Mentor’s Moment: Richard Edema

19 06 2009

Meet Richard Edema, mentor to Pamela Paparu

Dr. Richard Edema

Dr. Richard Edema

Richard Edema is one of AWARD’s 33 male mentors.  He joined AWARD’s mentorship program because he saw a huge potential in women as research scientists. “All my PhD graduates to date are women and they were brilliant!”  Through his formal mentorship interactions with graduate students, he also was able to see the “fragility of their situation; trying to be mothers; in relationships and jobs.”  He realized that women researchers needed support to overcome the challenges they face.  On receiving AWARD’s invitation to become a mentor, Richard goggled the program.  “Minutes later I knew this was a good program that can help women scientists develop into excellent scientists.”  He then signed up as a mentor.

Formal mentoring approach
At first, Richard felt a bit uncomfortable “being in the middle of a women’s thing.”  However, this discomfiture was short-lived.  For the university lecturer, mentoring was not a new thing, much as AWARD is his first formal mentoring experience.  “I have a great relationship with my mentee,” he says.  “I think AWARD just made my role formal and richer because its programs are well thought out and designed.”  He is also happy to share that he has learnt a lot from the Mentoring Orientation Workshops (MOWs), tips that he has incorporated in his daily work as a supervisor and mentor.  “I think I understand my female students better,” he adds.   At the MOW, Richard felt he also received mentorship support, not to mention the benefit of having additional resources to attend a scientific conference with the help of AWARD.

The plant virologist is a senior lecturer at Makerere University.  He received his PhD in Plant Pathology from Ohio State University in the United States in 2001. Dr. Edema has used is knowledge to “initiate and participate in a number of research projects to better understand and/or describe causative agents of important diseases that affect our crops, such as cassava, maize, cowpea, bean and coffee.”  In the course of his work, he has designed and conducted research to find solutions to these diseases. “Sometimes this includes very close collaboration with plant breeders to develop more resilient crops,” he says hinting at the value of collaborative research.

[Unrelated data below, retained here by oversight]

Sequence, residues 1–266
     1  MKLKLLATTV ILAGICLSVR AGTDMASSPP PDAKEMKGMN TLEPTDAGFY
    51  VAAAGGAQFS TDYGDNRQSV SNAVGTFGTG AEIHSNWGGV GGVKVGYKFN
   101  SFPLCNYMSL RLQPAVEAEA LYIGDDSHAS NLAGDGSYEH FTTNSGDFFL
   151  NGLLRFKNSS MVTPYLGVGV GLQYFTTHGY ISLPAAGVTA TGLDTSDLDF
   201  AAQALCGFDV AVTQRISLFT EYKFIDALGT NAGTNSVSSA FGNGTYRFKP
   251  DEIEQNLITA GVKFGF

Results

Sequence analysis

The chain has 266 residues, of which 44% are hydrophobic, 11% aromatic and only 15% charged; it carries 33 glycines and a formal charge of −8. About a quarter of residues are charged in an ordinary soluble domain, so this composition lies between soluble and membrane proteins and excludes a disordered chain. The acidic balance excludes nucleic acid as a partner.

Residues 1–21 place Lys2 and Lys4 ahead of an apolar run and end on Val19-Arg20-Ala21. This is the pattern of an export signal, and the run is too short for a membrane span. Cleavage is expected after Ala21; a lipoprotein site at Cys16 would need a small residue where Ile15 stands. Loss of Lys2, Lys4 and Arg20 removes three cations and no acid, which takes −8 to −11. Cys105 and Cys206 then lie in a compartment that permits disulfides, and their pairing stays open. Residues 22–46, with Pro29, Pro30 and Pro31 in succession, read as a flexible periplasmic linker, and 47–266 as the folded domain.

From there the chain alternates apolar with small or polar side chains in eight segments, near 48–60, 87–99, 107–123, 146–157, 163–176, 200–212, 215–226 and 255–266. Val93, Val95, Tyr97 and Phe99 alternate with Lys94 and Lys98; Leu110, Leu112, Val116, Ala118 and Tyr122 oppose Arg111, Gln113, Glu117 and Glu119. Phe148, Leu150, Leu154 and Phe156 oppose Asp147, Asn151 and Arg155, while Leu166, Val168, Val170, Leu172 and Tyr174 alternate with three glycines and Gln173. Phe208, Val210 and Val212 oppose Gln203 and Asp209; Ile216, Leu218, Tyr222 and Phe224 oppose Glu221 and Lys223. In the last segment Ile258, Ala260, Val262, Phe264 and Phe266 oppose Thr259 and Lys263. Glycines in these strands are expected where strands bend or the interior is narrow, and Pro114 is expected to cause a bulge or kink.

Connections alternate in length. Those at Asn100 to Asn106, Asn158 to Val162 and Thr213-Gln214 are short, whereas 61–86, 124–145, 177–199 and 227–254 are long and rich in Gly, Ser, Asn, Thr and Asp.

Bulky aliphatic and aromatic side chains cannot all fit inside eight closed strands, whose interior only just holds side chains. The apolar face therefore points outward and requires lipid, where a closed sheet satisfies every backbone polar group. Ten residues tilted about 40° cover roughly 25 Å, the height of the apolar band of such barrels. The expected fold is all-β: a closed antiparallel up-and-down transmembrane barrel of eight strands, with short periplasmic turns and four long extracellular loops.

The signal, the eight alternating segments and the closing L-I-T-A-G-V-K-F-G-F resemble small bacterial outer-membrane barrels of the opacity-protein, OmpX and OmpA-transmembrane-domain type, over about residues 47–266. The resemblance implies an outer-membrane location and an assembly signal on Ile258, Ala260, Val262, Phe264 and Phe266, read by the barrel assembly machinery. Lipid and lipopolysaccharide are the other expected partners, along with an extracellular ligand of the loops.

Richard is also involved in regional and international capacity building programs targeting the National Agricultural Research Systems (NARS) in Uganda and other countries emerging from conflict.  He coordinates the AGRA and SCARDA M.Sc. training programs in Plant Breeding and Seed Systems at Makerere University, not to mention supervising Msc and PhD students.  “Since 2002, 15 M.Sc. and three Ph.D. students have graduated under my watch,” he says.

Even as he does his part in contributing to the developing women in agricultural research and development, Richard feels it is not enough. He also urges those who have benefited from AWARD to act as ambassadors for the program.  He only wishes that there was a similar program for men. “Helping male colleagues through the mentorship program might help make life easier for female scientists,” he says.




2 responses

1 07 2009


Thanks be to God for you are agood mentor
Continue the same spirit

Rosset kokoi Stella


28 10 2009
Ruffino Ezama

I just wish to invoke God’s blessings on dr Richard for this great work.
We need many mentors

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